Secondly, the creation of manufactured capital requires the natural capital; hence, these two cannot be perfectly substitutable. Furthermore, the contributions of natural capital on the well-being of the humans are multidimensional. The strong sustainability concept focuses on the role of natural capital is central to the services provided by the ecosystem. This concept is a key point in the determination of the freedom of choice and action for the human beings. Hence, natural capital is seen as complementary to manufactured or human capital rather than being a substitute (Kates 2010).

Thirdly, the loss in the stock of natural capital cannot be filled up as quickly as the rate of increase in the demand for the future consumption. The production of goods and services in the current generation by using the natural capital can decrease the stock for future generation. That reduces the freedom of choice for the future generation. Hence, conservation of natural capital is extremely essential for the sake of intergenerational justice issue (Agyeman 2008).

Strong sustainability does not support the efficiency and collaboration of manmade and natural resources, but weak sustainability hardly disagrees on the combined effort of the two sources. The substitution of the resources is not allowed in the case of the strong sustainability, which on the other hand can be essentially utilized for the weak sustainability. The factors like critical natural capital along and ecological modernization aids in determining the aspects of strong and weak sustainability from a comparative viewpoint (Steffen and Smith 2013).

Thus, strong sustainability holds the concept of unique contribution of the natural capital in the well-being of human beings, which makes the natural capital complementary to human or manufactured capital rather than being a substitute of that. Sustainability is one of the most important criteria for the development of the specific source of environmental knowledge and the renewability or the awareness of the optimum use of resources is important for the existence of the whole ecology. Conserving the irreplaceable stocks of critical natural capital for the sake of future generation is extremely significant.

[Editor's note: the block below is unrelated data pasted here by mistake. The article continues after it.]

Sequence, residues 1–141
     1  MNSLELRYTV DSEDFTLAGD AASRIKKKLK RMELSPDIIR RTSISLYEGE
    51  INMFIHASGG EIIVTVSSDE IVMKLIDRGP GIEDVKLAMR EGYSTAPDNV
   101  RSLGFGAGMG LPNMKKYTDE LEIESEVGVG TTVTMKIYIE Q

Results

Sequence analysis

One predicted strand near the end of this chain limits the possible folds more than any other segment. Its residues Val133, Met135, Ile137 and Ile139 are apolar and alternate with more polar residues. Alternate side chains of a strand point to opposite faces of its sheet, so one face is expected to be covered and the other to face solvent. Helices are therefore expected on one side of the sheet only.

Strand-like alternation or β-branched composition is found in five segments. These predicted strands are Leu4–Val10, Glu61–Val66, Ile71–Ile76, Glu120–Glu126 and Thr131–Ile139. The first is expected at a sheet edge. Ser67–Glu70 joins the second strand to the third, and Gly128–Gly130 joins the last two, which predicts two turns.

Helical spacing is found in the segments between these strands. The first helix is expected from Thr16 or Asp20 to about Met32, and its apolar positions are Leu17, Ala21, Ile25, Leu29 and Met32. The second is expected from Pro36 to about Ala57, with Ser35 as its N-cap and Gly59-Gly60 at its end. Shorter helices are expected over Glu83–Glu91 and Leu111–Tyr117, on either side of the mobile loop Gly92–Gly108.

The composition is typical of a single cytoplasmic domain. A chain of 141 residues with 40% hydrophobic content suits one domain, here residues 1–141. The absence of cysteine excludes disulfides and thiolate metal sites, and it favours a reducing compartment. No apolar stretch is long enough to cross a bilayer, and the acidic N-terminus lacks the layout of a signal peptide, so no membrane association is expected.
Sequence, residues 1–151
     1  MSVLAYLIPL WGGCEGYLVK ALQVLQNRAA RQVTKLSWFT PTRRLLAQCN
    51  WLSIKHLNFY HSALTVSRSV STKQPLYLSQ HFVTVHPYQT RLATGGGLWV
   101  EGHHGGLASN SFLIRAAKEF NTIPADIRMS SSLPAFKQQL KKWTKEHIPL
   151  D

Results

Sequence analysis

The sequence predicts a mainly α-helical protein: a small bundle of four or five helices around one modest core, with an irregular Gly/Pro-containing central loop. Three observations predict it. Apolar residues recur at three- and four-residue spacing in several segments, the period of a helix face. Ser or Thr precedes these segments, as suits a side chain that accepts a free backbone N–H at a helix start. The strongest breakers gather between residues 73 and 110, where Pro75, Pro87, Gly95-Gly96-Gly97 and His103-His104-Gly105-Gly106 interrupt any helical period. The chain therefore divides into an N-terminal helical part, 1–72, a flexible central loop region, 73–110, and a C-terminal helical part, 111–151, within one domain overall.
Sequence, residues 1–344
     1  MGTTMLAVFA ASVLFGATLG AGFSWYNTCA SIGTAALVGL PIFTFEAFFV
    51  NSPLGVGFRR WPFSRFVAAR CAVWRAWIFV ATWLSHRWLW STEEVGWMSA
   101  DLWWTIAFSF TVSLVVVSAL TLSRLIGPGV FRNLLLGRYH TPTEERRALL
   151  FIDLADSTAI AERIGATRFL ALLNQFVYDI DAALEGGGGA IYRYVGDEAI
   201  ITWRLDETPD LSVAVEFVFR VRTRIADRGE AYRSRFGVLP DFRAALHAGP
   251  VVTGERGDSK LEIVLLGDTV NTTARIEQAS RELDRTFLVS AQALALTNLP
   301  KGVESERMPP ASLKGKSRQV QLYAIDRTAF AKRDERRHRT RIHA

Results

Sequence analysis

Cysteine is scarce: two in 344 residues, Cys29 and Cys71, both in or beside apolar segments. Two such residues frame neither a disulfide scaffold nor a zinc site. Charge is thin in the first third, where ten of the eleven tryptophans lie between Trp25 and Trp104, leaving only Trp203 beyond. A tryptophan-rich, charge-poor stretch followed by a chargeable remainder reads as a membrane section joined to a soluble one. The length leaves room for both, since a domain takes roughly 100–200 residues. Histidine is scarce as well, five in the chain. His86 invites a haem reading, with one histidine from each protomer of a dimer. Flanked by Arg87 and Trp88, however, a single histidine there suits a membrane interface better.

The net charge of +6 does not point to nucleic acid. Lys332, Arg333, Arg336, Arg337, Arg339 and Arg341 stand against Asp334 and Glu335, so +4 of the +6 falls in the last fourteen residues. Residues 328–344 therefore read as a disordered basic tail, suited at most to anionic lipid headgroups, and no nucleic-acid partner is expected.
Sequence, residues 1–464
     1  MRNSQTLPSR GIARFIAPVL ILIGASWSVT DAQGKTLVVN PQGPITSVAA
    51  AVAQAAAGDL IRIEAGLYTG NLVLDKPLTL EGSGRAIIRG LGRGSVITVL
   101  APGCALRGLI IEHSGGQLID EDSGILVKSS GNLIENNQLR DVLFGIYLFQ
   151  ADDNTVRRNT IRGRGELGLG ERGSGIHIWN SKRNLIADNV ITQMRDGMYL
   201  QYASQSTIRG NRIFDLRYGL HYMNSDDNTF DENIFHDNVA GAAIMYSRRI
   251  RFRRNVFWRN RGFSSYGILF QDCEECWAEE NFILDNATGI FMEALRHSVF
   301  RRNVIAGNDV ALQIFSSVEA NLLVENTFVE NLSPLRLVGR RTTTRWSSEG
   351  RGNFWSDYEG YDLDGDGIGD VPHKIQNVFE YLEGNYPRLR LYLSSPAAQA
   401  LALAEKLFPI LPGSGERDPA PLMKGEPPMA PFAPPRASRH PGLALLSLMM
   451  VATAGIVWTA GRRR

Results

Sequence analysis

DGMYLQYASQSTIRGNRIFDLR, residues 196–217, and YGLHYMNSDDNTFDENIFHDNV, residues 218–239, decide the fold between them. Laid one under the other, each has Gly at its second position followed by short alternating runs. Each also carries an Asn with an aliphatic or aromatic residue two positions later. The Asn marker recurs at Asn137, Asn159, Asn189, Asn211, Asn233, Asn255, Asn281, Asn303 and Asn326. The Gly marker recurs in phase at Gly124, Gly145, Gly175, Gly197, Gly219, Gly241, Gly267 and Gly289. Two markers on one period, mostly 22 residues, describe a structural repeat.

References:

Ekins, P., Simon, S., Deutsch, L., Folke, C., De Groot, R., 2003. A framework for the practical application of the concepts of critical natural capital and strong sustainability. Ecological Economics, 44, 165–185.

Agyeman, J., 2008. Toward a ‘just’ sustainability?. Continuum, 22(6), pp.751-756.

Dale, V. and Beyeler, S., 2001. Challenges in the development and use of ecological indicators. Ecological Indicators, 1(1), pp.3-10.

Howes, M., McKenzie, M., Gleeson, B., Gray, R., Byrne, J. and Daniels, P., 2010. Adapting ecological modernisation to the Australian context. Journal of Integrative Environmental Sciences, 7(1), pp.5-21.

Kates, R., 2010. Readings in Sustainability Science and Technology. 213.

Davies, G.R., 2013. Appraising weak and strong sustainability: searching for a middle ground. Consilience: The Journal of Sustainable Development, 10(1), pp.111-124.

Oxley, L., Hanley, N., Greasley, D., Blum, M., McLaughlin, E., Kunnas, J. and Warde, P., 2014. Empirical testing of genuine savings as an indicator of weak sustainability: a three-country analysis of long run trends.

Bond, A. and Morrison-Saunders, A., 2013. Challenges in determining the effectiveness of sustainability assessment. Routledge, Taylor & Francis Group.

Martins, N.O., 2016. Ecosystems, strong sustainability and the classical circular economy. Ecological Economics, 129, pp.32-39.

Ekins, P., 2014. Strong sustainability and critical natural capital. Handbook of Sustainable Development, pp.55-71.

Steffen, W. and Smith, M.S., 2013. Planetary boundaries, equity and global sustainability: why wealthy countries could benefit from more equity. Current Opinion in Environmental Sustainability, 5(3), pp.403-408.

Ziegler, R. and Ott, K., 2015. The quality of sustainability science: a philosophical perspective. In Ethics of Science in the Research for Sustainable Development (pp. 15-44). Nomos Verlagsgesellschaft mbH & Co. KG.

UNDP. 2017. Sustainable Development Goals. [online] Available at: [Accessed 7 Apr. 2017].